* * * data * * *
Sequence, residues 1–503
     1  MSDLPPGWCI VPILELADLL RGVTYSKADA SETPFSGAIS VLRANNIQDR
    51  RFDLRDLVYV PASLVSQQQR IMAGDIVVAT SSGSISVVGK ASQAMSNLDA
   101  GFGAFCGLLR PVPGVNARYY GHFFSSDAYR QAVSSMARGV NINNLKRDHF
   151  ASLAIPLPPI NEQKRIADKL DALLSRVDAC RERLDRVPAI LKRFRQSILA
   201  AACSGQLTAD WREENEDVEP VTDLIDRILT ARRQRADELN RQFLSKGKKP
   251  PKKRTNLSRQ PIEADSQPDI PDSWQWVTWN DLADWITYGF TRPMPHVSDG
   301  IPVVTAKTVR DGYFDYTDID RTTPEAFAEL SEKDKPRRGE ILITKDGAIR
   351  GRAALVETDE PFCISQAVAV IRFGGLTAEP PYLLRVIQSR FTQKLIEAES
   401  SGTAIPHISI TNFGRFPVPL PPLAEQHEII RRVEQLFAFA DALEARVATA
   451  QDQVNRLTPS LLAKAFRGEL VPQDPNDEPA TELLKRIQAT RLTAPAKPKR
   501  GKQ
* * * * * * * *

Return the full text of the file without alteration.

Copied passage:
Sequence, residues 1–503
     1  MSDLPPGWCI VPILELADLL RGVTYSKADA SETPFSGAIS VLRANNIQDR
    51  RFDLRDLVYV PASLVSQQQR IMAGDIVVAT SSGSISVVGK ASQAMSNLDA
   101  GFGAFCGLLR PVPGVNARYY GHFFSSDAYR QAVSSMARGV NINNLKRDHF
   151  ASLAIPLPPI NEQKRIADKL DALLSRVDAC RERLDRVPAI LKRFRQSILA
   201  AACSGQLTAD WREENEDVEP VTDLIDRILT ARRQRADELN RQFLSKGKKP
   251  PKKRTNLSRQ PIEADSQPDI PDSWQWVTWN DLADWITYGF TRPMPHVSDG
   301  IPVVTAKTVR DGYFDYTDID RTTPEAFAEL SEKDKPRRGE ILITKDGAIR
   351  GRAALVETDE PFCISQAVAV IRFGGLTAEP PYLLRVIQSR FTQKLIEAES
   401  SGTAIPHISI TNFGRFPVPL PPLAEQHEII RRVEQLFAFA DALEARVATA
   451  QDQVNRLTPS LLAKAFRGEL VPQDPNDEPA TELLKRIQAT RLTAPAKPKR
   501  GKQ